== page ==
Ukraine’s President Petro Poroshenko has decried Russian “aggression” as Kiev staged a symbolic Independence Day parade while battling pro-Moscow rebels in the east of the country.
Army cadets and military hardware crossed Kiev’s Maidan, or Independence Square, as thousands rallied in an emotional show of strength aimed at boosting morale in the strife-torn nation.
Crowds of Ukrainians, many sporting the national colours of blue and yellow, sang the ex-Soviets state’s anthem as the flag was raised.
“I am convinced that the battle for Ukraine, for independence, will be our success,” Poroshenko told the crowds in a speech ahead of the parade.
“War has come to us from over the horizon where it was never expected,” he said, referring to Russia.
“In the 21st century, in the centre of Europe, there is a flagrant attempt to breach the border of a sovereign state without declaring war,” he said. “It is as if the world has returned to the 1930s, the eve of World War II.”
Poroshenko pledged to allocate 40 billion hryvnias ($A3.25 billion) to its cash-strapped army over the next three years in what he called “only the modest beginning” in the rebirth of the Ukrainian military.
The money will be used to purchase warplanes, warships and helicopters, he said.
Crowds, many people wearing traditional embroidered shirts or flower wreaths, densely packed the Maidan and surrounding streets for the first time since the pro-European rallies in the winter that eventually toppled former leader Viktor Yanukovych.
It was the first military parade in Kiev in five years, and some said it helped boost the nation’s spirits as the Ukrainian army is engaged in a bloody conflict in the east of the country.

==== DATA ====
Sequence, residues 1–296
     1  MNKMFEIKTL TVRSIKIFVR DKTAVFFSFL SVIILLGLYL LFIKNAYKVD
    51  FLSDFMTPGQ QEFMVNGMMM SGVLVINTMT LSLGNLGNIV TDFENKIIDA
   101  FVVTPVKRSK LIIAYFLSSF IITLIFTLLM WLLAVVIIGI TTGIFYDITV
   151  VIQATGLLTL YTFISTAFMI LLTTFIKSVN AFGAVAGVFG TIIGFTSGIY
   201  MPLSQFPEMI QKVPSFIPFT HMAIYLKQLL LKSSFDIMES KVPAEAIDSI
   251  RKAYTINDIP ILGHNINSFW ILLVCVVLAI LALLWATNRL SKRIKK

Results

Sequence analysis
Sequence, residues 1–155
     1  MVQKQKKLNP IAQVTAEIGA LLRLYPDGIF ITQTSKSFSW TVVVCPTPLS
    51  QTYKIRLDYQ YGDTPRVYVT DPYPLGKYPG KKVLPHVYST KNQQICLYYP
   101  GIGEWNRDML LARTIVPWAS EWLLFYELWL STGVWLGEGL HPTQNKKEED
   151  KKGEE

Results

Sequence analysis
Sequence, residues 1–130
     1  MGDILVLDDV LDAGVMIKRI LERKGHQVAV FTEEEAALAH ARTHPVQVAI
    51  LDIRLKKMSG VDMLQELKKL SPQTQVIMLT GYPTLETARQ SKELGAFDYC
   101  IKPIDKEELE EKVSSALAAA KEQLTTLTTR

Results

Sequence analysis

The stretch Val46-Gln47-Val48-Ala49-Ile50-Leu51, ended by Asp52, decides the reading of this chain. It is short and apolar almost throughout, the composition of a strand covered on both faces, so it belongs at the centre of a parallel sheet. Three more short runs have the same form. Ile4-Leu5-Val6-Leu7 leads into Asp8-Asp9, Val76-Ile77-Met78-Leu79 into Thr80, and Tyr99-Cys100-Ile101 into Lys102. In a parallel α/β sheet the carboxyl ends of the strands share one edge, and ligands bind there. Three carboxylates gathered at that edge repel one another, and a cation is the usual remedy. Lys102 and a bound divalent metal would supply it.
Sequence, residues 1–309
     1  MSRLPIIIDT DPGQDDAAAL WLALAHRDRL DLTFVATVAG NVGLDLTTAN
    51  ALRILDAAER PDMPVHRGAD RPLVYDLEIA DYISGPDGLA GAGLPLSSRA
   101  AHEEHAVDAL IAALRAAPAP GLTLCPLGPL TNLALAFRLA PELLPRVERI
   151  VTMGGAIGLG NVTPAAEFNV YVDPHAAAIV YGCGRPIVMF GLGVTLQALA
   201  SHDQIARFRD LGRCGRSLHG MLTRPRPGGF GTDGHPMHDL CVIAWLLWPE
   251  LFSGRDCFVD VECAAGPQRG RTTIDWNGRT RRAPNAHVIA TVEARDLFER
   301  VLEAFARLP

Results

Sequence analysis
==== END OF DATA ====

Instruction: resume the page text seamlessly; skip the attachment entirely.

But while Kiev was gripped by patriotic fervour, fierce clashes continued to ravage the industrial east with mortar fire hitting a hospital in the main rebel hub of Donetsk.
The city of a million people before the conflict tore through it, has increasingly seen fighting in the streets. On Saturday shelling attacks killed six civilians in residential neighbourhoods, including a child.
Kiev’s conflict with the pro-Russian rebels in the separatist regions of Lugansk and Donetsk has claimed more than 2,200 lives since April, and increasingly moved into populated areas in recent weeks as the army surrounds separatist strongholds.
Poroshenko is under pressure ahead of a meeting with Russia’s President Vladimir Putin and EU officials in Minsk on Tuesday, where the two are expected to try to take a step toward resolving the bloody conflict.
Earlier this week Moscow set off alarm bells by driving in a convoy of more than 200 trucks in a unilateral aid mission to war-torn Lugansk, where people had been without power or communication for three weeks.